Afghanistan Analysts Network – English

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Afghan government falters in Kandahar

Washington Post, 3 November 2010 Joshua Partlow and Karen DeYoung report another governance desaster (after Marja): ‘Despite months of American prodding, the Afghan government has failed to fill dozens of key positions in Kandahar, leaving an ineffectual local administration that U.S. officials fear will cripple the battlefield progress the military says it is making in […]

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Afghanistan jet fuel deals generate thick fog of mystery

Pittsburgh Post-Gazette, 1 November 2010 This article originally from th Washington Post (but with a better headline here) describes how a 58-year-old Californian bar-and-burger owner turned his business, along with a young Kyrgyz partner, into a multinational jet fuel business that has received Pentagon contracts worth nearly $3 billion. Their companies, Mina Corp. and Red […]

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Pakistan: The Neros of our time

The News, 28 October 2010 ‘We wonder if today we have foolishness, or great courage, on display in Islamabad. Our president smiles often – even as killings in Karachi intensify, the war in the north becomes more and more complex, […] millions of flood victims [that] face the threat of death due to disease and […]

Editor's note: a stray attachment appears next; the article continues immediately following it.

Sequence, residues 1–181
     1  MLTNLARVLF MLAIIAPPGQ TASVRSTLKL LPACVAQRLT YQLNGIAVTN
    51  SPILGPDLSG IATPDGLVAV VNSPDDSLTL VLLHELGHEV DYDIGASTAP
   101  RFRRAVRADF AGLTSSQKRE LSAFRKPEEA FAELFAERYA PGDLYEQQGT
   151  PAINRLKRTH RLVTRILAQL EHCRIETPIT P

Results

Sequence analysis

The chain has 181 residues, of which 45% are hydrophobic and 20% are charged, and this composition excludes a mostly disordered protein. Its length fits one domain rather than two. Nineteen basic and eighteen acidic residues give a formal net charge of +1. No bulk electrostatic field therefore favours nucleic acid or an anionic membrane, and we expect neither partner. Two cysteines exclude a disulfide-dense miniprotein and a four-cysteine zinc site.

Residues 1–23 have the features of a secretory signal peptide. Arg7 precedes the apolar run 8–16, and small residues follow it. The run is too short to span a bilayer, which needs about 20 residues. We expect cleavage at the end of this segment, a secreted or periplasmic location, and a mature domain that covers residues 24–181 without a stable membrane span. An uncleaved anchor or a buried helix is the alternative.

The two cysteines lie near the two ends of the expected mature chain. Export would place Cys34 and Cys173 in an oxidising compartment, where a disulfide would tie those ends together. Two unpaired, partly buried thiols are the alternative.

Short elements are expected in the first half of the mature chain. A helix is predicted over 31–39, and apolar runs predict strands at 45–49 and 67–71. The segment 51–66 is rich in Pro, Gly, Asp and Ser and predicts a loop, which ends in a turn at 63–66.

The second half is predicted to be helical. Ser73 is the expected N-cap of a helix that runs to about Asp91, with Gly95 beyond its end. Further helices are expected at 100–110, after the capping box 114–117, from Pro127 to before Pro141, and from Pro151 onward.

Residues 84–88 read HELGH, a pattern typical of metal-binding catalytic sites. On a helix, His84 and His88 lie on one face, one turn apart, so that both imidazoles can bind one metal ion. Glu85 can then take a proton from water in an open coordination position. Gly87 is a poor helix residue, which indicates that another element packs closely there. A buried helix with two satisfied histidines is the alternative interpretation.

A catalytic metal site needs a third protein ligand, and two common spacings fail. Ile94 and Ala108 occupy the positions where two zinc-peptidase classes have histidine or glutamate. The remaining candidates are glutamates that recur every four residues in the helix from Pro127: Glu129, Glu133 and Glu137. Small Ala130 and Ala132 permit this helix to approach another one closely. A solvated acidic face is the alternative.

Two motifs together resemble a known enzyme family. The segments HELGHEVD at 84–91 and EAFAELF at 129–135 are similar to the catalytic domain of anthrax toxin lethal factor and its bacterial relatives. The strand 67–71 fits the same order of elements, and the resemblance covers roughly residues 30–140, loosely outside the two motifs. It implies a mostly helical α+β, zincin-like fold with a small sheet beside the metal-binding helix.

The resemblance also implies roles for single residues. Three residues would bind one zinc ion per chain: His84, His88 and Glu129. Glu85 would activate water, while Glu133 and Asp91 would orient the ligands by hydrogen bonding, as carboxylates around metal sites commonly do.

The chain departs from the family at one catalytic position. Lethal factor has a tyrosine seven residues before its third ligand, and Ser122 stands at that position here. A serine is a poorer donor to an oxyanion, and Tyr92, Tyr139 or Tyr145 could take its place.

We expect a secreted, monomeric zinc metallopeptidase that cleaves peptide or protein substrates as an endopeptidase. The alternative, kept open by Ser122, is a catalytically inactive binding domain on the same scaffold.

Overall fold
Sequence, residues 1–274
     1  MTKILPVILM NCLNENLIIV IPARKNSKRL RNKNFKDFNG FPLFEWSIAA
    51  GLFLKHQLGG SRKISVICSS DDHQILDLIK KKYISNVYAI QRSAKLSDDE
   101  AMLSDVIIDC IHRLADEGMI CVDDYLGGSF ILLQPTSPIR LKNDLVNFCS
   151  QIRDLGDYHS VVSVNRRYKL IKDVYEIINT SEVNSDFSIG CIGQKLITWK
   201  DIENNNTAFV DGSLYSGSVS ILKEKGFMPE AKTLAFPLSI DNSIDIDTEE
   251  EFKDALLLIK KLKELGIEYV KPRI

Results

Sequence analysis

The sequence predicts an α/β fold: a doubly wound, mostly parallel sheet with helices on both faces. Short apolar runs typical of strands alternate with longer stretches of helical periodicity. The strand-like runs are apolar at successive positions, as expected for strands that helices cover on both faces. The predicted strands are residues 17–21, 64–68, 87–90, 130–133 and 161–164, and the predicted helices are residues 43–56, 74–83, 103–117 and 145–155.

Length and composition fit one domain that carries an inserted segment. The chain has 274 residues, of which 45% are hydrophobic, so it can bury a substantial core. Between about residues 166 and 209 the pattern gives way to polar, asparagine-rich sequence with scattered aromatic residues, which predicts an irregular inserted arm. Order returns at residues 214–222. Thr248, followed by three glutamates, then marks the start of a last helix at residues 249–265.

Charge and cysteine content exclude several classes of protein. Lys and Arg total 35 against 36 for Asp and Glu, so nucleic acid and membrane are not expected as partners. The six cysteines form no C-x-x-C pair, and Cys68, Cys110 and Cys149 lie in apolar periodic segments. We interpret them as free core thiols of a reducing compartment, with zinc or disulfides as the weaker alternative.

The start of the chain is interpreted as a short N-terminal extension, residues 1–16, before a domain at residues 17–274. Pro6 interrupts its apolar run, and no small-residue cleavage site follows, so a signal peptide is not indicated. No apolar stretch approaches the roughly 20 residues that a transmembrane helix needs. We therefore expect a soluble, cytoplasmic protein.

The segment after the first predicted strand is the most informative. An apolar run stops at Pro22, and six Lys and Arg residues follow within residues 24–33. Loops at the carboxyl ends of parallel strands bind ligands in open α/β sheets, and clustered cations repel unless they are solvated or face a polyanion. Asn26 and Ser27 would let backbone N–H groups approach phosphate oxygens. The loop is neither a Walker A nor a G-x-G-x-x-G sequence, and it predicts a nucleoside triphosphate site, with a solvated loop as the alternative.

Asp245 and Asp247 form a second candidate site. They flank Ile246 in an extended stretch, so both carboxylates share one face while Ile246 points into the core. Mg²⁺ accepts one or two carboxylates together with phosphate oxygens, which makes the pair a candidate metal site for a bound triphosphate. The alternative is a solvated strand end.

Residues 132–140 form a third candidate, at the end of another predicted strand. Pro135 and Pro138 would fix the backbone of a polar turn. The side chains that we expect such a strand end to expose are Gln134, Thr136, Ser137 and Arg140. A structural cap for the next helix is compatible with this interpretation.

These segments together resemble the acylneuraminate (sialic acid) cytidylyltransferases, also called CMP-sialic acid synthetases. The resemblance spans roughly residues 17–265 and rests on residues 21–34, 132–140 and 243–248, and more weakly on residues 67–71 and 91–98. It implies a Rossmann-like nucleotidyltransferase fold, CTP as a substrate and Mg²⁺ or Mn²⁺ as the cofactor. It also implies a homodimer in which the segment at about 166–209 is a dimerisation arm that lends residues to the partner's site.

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War is Business, who benefits?

War is Business (blog), 27 October 2010 This blog presents the information from SIGAR’s latest report on contracting in Afghanistan is presented in “web-friendly tables”, listing which businesses got the US reconstruction contracts over the last few years.

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The Taliban’s secret weapon: security

Le Monde diplomatique, Oct. 2010 Louis Imbert analyses the political economy supporting the Taleban and, moreover, gives concrete figures on how much contractors must pay to them on certain projects and puts the number of convois supplying NATO bases in Afghanistan at 6-8,000 per month, annual value: US$ 2.16 nn.

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Brahimi’s Back?!

Foreign Policy (blog), 20 October 2010 As the US, Afghanistan and Taleban discuss commencing talks that might eventually strike a peace deal, former UN envoy Lakhdar Brahimi is ‘back on the scene’, writes Colum Lynch. He quotes ‘one UN-based official’ that Brahimi had been approached by the Americans and asked whether he might consider a […]

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